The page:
The letters highlight how air bags at risk of exploding in a crash continue to haunt the auto industry even after recalling tens of millions of vehicles with defective parts, made by the now-defunct Takata Corp., that were linked to several deaths.
Separately, NHTSA began investigating air bag inflators made by ARC Automotive in 2015, covering millions of additional components made as far back as 2004. The most recent letters in that probe are focused on parts made by ARC between 2010 to 2018. The letters were reported earlier Thursday by the Wall Street Journal.
By now, Volkswagen was supposed to have some insight into where its next European battery plant was going to be. It’s pushing that off for a moment, Reuters reports:
Volkswagen AG and its battery company PowerCo are continuously evaluating suitable sites for their next gigafactory in Europe,” the carmaker said by email on Thursday.
“There is no pressure to act as we take some more time for decision-making in light of current circumstances,” it said. “At present, there is no impact on planned start of construction or start of production.”
The European Union fears an exodus of investment to the United States in light of generous green energy subsidies companies are offered under the Inflation Reduction Act, just as energy prices in Europe hit record highs with next year’s supply still insecure.
Sweden’s Northvolt said in October it may prioritise expanding its battery plants in the United States over Europe in light of Europe’s energy landscape.
Blame those high energy prices on the continent, as well as the Inflation Reduction Act, which has convinced most everyone to raise their next factory here. Can we please not call them “gigafactories,” though? Tesla can do what it likes, but copying makes the rest of y’all look so desperate.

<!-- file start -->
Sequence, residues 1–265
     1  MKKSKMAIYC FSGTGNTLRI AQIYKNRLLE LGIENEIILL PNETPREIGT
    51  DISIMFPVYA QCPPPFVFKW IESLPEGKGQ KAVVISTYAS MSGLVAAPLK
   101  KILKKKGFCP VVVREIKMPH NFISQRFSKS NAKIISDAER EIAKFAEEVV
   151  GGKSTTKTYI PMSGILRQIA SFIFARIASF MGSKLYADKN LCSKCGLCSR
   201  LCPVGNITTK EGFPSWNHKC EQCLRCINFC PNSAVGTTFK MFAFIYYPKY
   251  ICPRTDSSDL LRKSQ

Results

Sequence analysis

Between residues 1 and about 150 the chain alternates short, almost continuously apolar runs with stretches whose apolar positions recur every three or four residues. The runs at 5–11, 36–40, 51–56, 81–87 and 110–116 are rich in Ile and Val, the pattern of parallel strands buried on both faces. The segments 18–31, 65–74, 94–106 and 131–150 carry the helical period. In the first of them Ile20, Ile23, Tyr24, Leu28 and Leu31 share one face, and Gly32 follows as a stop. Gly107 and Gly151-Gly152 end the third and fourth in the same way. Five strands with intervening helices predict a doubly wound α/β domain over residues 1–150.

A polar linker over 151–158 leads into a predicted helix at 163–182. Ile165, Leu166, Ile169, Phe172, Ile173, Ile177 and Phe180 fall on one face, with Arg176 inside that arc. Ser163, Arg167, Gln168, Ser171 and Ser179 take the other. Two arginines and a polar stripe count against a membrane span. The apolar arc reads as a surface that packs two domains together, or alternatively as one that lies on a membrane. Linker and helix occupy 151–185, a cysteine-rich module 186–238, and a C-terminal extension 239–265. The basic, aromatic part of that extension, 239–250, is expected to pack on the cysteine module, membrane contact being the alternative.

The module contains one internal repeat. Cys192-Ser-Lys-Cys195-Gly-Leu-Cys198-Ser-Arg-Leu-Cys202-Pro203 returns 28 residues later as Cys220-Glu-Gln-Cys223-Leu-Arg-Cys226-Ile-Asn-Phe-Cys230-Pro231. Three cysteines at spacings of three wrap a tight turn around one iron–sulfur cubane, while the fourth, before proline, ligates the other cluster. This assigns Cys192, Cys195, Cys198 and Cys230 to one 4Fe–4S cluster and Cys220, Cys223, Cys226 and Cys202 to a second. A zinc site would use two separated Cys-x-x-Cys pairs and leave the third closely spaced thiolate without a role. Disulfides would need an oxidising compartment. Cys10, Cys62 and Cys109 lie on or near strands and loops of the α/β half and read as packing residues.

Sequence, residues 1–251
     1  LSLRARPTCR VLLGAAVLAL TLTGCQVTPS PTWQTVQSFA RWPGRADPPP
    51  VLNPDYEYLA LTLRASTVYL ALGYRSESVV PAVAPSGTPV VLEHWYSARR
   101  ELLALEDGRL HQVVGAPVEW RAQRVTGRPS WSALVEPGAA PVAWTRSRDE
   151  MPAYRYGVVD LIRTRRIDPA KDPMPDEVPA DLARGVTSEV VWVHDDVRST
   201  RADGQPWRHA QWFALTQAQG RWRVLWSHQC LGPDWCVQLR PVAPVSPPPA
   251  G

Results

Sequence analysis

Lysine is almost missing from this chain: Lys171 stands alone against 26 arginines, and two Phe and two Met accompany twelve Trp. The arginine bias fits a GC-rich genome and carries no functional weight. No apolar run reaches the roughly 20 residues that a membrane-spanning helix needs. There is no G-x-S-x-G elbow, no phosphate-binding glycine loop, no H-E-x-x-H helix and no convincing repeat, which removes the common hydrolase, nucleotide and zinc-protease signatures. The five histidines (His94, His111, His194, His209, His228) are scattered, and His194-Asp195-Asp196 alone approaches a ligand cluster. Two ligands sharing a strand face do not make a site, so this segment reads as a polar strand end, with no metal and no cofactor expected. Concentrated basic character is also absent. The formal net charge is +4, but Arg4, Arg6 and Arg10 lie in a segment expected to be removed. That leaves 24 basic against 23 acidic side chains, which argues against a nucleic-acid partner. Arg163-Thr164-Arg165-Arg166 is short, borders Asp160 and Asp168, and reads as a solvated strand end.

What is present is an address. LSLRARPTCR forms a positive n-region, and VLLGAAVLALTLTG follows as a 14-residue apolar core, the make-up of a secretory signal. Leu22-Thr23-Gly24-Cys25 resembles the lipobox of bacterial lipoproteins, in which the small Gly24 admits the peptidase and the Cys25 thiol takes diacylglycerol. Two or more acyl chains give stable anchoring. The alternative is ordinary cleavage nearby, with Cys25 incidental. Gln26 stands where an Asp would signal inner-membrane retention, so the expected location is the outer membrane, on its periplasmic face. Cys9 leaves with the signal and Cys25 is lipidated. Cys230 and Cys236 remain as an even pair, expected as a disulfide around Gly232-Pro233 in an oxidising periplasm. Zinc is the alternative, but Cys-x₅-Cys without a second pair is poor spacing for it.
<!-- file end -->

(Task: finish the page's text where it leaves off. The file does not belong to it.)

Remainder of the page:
Tesla will end Model Y production in China with whatever the opposite of a bang is, shutting down the lines between Christmas and New Year’s Day, Reuters reported Friday:
The suspension of assembly at the end of the month would be part of a cut in planned production of about 30% in the month for the Model Y, Tesla’s best-selling model, at the Shanghai factory, the two people said.
The Shanghai factory, the most important manufacturing hub for Elon Musk’s electric vehicle company, kept normal operations during the last week of December last year.
It has not been an established practice for the plant to shut down for a year-end holiday, the two people said.
If Tesla sticks to its current plan, it’ll build 20,000 Model Ys over three weeks in December, compared to 39,000 over a similarly long period in November. Nobody really seems to know why the company is doing this, but weakening demand is thought to have something to do with it. Tesla has been slashing prices in the country as of late, after all.
How old do you think the U.K.’s first toll highway, the Midland Expressway, is? Wrong. It just turned 19 today, per 365 Days of Motoring. Road Traffic Technology has an interesting article chronicling its development. Thank god for the internet.
Specifically, two weeks before Christmas, in the middle of the week. I was in town to drive the new McLaren Artura, and the company put us up on the Strip. I’m not really a Vegas person, but as someone who has only ever been in town for the shitshow that is the Consumer Electronics Show, I was relieved at the lack of traffic, the general ease of the airport experience, everything. It was nice.